Multiphoton imaging was performed with a Zeiss LSM7 MP system equipped with both a 10x/0.3 NA air and a 20x/1.0NA water immersion objective lens (Zeiss) and a tuneable titanium/sapphire solid state 2-photon excitation source (Chamelon Ultra II; Coherent Laser Group). For in vivo imaging, animals were anesthetized with 3% isoflurane in 1.5 L/min oxygen, anesthesia was maintained with the isoflurane at 1.5–2%, and oxygen at 1.5 L/min. Core body temperature was continuously monitored and maintained by a thermostatically controlled heat mat. The popliteal was surgically exposed and the leg fixed in place using surgical veterinary glue (Vetbond; 3M). The hind quarters of the mouse was submerged in PBS warmed and maintained at 35–37°C throughout the experiment (45). Videos were acquired for 15–30 min at an X-Y pixel resolution 512 × 512 with 2 μm increments in Z. Images were processed using Volocity 5.5 (Perkin Elmer) after correction for tissue drift.
Ear draining cervical lymph nodes were harvested and placed in OCT cryomedia (Tissue-Tek) and frozen, 8 μm sections were cut and placed on glass slides, sections were briefly fixed in acetone, rehydrated in PBS, nonspecific antibody binding was blocked using 2.4G2 culture supernatant containing 0.01% sodium azide, 5% mouse serum), followed 5% Normal Horse Serum in PBS (Vector Laboratories) sections were stained with anti-mouse-CD169 PE (BioLegend, clone:-3D6.112) antibodies at 1:100 overnight at 2–8°C in a humidity chamber. Sections were washed and coverslips applied using ProLong Gold Antifade (LifeTechnologies) to preserve fluorescence. Images were acquired using EVOS® FL Auto fluorescent microscope and imaging system (LifeTechnologies) at 10X magnification using the RFP detector. Final image processing was performed using ImageJ software.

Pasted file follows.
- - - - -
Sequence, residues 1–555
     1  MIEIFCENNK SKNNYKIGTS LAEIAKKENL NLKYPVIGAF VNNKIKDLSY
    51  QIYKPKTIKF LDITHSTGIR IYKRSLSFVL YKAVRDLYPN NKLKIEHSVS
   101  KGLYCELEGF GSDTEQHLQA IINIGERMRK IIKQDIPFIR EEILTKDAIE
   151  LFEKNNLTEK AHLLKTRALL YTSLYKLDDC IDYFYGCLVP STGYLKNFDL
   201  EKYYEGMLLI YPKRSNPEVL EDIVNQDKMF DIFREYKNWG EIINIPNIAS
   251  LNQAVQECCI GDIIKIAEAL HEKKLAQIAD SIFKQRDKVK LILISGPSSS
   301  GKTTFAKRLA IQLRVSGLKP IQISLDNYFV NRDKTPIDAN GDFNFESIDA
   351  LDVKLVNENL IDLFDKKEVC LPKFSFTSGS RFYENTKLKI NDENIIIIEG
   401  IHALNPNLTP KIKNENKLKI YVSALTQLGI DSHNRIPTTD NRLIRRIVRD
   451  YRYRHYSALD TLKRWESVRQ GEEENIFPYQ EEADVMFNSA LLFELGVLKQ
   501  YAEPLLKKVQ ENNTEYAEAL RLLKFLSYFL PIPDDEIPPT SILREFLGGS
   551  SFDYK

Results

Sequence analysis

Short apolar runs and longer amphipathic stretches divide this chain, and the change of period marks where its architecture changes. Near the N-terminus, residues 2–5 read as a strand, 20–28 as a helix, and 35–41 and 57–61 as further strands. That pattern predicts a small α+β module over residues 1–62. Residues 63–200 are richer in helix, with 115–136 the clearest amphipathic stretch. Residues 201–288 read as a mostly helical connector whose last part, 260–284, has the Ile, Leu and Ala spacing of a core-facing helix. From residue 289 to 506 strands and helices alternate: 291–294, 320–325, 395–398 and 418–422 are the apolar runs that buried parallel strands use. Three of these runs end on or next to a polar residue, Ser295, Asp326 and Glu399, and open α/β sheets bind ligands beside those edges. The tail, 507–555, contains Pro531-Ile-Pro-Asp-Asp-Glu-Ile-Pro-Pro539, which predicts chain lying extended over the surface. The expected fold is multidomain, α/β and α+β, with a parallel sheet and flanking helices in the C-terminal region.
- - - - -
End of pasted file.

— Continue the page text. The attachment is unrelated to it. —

Intergroup significance was determined by either a 1-way ANOVA or a 2-way ANOVA using GraphPad Prism 6 (GraphPad Software Inc, La Jolla, USA). A value of P ≤ 0.05 was considered significant.
HES designed the research, performed the experiments, constructed the figures, analysed the data and wrote the manuscript. GRM provided technical assistance and contributed to writing the paper. AJH provided technical assistance and helped in design of the Kaede experiments. RAB provided technical assistance and helped in design of the injection site ablation experiments. EW provided technical assistance. AW, EM, ABM, JMB, MT and PG designed the research and contributed to writing the paper.
Conflict of Interest Statement
AW, EM, and ABM are employees of CSL Limited.
The remaining authors declare that the research was conducted in the absence of any commercial or financial relationships that could be construed as a potential conflict of interest.
This work was funded by CSL Limited. The authors acknowledge the assistance of the Institute of Infection, Immunity and Inflammation Flow Cytometry Facility at the University of Glasgow.
The Supplementary Material for this article can be found online at: https://www.frontiersin.org/articles/10.3389/fimmu.2018.02684/full#supplementary-material
Supplementary Figure 1. SCS macrophage debris do not appear to be taken up by CD11c+ DC. MFI of CD169 ex vivo on CD11b-CD11c+ DC at 4 (A) and 24 (B) h following immunization with PBS or 1 IU ISCOMATRIX and on CD11b+CD64+ monocytes at 24 h (C) following immunization with 1 IU ISCOMATRIX. ****P < 0.0001. IMX, ISCOMATRIX™ adjuvant.